I have about 7 menu items in my navigation drawer. One of which is - Account Name. When the user selects an account, say 'ABC' the side menu item name is set as 'ABC'. Clicking on it takes the user to ABC details page.

Now, If the user selects another account say 'XYZ' through a different process, the side menu changes to 'XYZ'

PS: The account name menu item has sub-menus that are static text, but links to the corresponding account's configuration. The sub-menu items are 1. Users 2. Configuration

enter image description here

So my question is, Is it ok to have the menu item changing with a selection in the site? The nav drawer that we have seen and come across are all fixed. The menu items does not change as the user browses on.

  • Could you add a question? It's not really clear which problem you want to solve right now or what the issue is.
    – Rick P
    Feb 20, 2018 at 13:44
  • Oops.. I have edited and added at the end.
    – Kish
    Feb 20, 2018 at 15:11
  • Menu items are commands. The menu item's text or icon should communicate its function. ABC is a display of system status. What happens when the user taps on ABC or XYZ? Why aren't you using side nav and tab combo or some other combined pattern from material design?
    – moot
    Feb 21, 2018 at 20:10
  • @moot thank you for the response. But, ABC isn't actually a system status. It takes the user to the account page of ABC. It is inherently known to the business users of the web app.
    – Kish
    Mar 25, 2019 at 10:03
  • That's part of the issue, ABC and XYZ are displays of a system status. Somewhere, your app is set to ABC or XYZ. Menu items should tell the user what they do. It looks like it should say Account Details or something similar.
    – moot
    Mar 26, 2019 at 23:21

2 Answers 2


So my question is, Is it ok to have the menu item changing with a selection in the site?

Even your question doesn't contain the restrictions for the case(s) to be evaluated within "to be ok", I understand with your question as the cases followed below,

1. As a user experience design practice

Changing the context which is passed and experienced before by the user is a bit risky, yes. But in your situation, it's a probably user's individual choice or it's expected from the user to display these account's informations so that account change can be made and the results (effect or transition) should be understandable by whom interacting with it.

2. As a programming practice whether developers can achieve or not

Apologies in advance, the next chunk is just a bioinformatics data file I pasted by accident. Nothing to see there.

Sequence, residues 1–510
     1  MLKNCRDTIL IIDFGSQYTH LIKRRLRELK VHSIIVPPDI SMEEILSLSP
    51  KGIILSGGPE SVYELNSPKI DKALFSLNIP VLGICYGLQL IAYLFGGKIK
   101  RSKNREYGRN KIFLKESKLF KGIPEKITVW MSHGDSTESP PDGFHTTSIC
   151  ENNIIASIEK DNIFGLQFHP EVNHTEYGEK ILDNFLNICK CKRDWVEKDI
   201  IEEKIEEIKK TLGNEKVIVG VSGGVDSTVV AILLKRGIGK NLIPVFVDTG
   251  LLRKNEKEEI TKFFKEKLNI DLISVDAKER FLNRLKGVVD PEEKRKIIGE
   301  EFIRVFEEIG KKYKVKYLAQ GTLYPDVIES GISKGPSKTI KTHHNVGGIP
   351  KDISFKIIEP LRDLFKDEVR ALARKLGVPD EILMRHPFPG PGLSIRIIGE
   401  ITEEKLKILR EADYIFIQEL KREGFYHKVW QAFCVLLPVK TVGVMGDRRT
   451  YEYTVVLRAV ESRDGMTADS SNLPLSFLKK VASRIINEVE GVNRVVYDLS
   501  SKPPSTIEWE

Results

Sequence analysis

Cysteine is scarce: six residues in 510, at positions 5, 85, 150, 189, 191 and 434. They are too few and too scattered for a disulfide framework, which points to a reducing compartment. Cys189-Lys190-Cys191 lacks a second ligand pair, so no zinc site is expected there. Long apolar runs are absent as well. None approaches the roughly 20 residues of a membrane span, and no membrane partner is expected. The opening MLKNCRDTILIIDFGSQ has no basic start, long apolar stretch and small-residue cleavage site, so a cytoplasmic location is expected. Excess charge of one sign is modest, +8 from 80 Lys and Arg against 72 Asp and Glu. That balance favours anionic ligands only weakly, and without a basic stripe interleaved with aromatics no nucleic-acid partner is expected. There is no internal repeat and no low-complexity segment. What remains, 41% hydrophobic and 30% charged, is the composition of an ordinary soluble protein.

As you mentioned above,

The sub-menu items are 1. Users 2. Configuration

Users and Configuration are static texts in your case and there are lots of situations dynamic programming/texts within everyday programming used. Like they're used in templating solely as a programming practice, many frontend frameworks have their own style of implementing it. Actually otherwise, it's not possible to deal with the situations consequently changing as the user types or inputs.

PS: More clearer assumptions might be produced with the real experience of what you already created but please make more clarification, if it wouldn't be the answer or the point you're seeking.


Google Mail does it

Gmail mobile app drawer

and it seems to work just fine. In the upper area of the navigation drawer, an available account can be selected. Anything below the selection menu is actually a list of conditional actions, except for the Settings menu at the bottom (not pictured).

I believe this would serve as an example for both a drawer with dynamic and static content (considering the static actions at the bottom) and a drawer with only dynamic content (as the most-used actions are related to the account selected).


It seems to work.

  • This seems to work because you are actually switching accounts. And it seems relatable as my question says 'account'. But my question is: how would it be, if Primary or social or starred were variables dependant on some other selection somewhere else??
    – Kish
    Feb 20, 2018 at 15:06
  • I do not see a big conent difference here. There is a difference in presentation hierarchy though: Dynamic content on the top, static on the bottom. Mixing the two can create confusion.
    – Orphevs
    Feb 20, 2018 at 15:29

This site is temporarily in read-only mode and not accepting new answers.

Not the answer you're looking for? Browse other questions tagged .